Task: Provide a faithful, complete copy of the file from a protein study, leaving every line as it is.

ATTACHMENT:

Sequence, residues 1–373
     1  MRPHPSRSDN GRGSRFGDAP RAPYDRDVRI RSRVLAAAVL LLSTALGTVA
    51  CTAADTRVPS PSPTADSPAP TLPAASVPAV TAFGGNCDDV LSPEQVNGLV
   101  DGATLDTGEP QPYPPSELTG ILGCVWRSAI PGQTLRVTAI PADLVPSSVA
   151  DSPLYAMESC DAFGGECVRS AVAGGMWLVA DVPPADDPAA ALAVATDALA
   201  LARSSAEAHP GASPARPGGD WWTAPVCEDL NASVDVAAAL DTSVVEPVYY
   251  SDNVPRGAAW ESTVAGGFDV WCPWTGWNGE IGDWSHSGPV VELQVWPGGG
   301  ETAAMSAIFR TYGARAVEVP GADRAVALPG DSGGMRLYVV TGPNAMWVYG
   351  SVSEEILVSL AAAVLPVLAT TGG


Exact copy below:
Sequence, residues 1–373
     1  MRPHPSRSDN GRGSRFGDAP RAPYDRDVRI RSRVLAAAVL LLSTALGTVA
    51  CTAADTRVPS PSPTADSPAP TLPAASVPAV TAFGGNCDDV LSPEQVNGLV
   101  DGATLDTGEP QPYPPSELTG ILGCVWRSAI PGQTLRVTAI PADLVPSSVA
   151  DSPLYAMESC DAFGGECVRS AVAGGMWLVA DVPPADDPAA ALAVATDALA
   201  LARSSAEAHP GASPARPGGD WWTAPVCEDL NASVDVAAAL DTSVVEPVYY
   251  SDNVPRGAAW ESTVAGGFDV WCPWTGWNGE IGDWSHSGPV VELQVWPGGG
   301  ETAAMSAIFR TYGARAVEVP GADRAVALPG DSGGMRLYVV TGPNAMWVYG
   351  SVSEEILVSL AAAVLPVLAT TGG